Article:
The argument that youth “should not vote because they lack the ability to make informed and intelligent decisions is valid only if that standard is applied to all citizens.”9 But yet this standard is not applied to all citizens, only young people. “We do not deprive a senile person of this right, nor do we deprive any of the millions of alcoholics, neurotics, psychotics and assorted fanatics who live outside hospitals of it. We seldom ever prevent those who are hospitalized for mental illness from voting.” 10
Even beyond senile, neurotic, and psychotic adults, regular adults often do not meet the unrealistic standard opponents to youth voting propose. Turn on the Tonight Show one night and see the collection of adult buffoons who can’t tell Jay Leno who the vice-president is, or who have forgotten how many states are in this country. Yet these adults are happily given the right to vote. The fact is, intelligence or maturity is not the basis upon which the right to vote is granted, if that were the case all voters would need to pass a test before voting. Though “…under voting rights jurisprudence, literacy tests are highly suspect (and indeed are banned under federal law), and lack of education or information about election issues is not a basis for withholding the franchise.”11 Youth shouldn’t be held to a stricter standard than adults; lower the voting age.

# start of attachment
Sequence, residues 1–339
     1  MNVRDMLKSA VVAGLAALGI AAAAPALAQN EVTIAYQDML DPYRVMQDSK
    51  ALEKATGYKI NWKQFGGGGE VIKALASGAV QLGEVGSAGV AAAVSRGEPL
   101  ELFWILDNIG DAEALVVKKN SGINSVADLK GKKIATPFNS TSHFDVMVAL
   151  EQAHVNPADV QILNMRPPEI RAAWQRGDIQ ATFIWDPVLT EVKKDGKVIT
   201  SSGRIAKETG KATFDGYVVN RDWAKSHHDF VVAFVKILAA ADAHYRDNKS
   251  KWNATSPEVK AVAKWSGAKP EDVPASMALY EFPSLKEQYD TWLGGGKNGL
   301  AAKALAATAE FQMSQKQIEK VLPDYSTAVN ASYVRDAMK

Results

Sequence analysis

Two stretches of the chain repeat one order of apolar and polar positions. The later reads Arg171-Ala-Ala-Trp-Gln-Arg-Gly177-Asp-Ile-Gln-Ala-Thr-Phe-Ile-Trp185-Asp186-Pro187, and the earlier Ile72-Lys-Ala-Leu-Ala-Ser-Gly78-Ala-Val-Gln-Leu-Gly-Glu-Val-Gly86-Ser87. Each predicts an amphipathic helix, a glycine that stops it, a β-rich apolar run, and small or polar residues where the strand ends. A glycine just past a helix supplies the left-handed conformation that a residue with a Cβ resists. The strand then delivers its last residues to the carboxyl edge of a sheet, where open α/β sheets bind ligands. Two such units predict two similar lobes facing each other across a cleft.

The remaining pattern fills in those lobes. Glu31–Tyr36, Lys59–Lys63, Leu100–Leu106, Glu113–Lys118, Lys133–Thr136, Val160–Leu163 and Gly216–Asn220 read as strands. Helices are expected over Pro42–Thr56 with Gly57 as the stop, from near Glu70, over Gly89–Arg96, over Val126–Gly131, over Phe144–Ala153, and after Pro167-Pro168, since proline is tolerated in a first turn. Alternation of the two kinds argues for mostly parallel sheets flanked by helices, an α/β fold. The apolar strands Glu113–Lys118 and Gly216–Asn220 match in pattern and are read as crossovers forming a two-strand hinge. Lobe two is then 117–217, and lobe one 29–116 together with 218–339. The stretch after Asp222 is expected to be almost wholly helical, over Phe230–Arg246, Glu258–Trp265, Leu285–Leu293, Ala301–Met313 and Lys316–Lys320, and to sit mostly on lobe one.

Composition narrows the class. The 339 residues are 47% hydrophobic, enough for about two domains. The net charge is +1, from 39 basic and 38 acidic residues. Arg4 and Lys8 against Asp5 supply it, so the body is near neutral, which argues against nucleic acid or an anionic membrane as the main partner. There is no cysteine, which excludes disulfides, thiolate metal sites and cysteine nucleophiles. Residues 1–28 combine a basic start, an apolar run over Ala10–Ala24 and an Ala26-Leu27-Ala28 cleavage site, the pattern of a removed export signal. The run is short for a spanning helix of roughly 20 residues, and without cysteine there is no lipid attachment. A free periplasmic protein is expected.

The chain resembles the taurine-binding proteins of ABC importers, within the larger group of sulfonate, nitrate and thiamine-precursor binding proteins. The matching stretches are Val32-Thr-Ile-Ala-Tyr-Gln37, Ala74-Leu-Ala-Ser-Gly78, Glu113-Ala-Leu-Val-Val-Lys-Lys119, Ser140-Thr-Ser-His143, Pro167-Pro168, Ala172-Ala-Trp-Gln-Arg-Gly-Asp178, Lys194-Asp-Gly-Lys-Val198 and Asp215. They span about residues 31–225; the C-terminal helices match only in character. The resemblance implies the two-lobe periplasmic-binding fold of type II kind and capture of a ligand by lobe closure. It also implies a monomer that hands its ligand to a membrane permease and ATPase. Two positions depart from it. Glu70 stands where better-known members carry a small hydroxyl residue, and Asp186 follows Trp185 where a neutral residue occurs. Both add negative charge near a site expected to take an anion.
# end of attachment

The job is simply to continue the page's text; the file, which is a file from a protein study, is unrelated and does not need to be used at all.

Furthermore, even the federal government agrees that most youth have the necessary knowledge to vote. The Voting Rights Act of 1965 (42 U.S.C. § 1971((c)) states that: “any person who has not been adjudged an incompetent and who has completed the sixth grade in [. . .] any State or territory, the District of Columbia, or the Commonwealth of Puerto Rico where instruction is carried on predominantly in the English language, possesses sufficient literacy, comprehension, and intelligence to vote in any election.” If a Sixth grade education is deemed adequate knowledge to vote, how can older youth be denied the right to vote?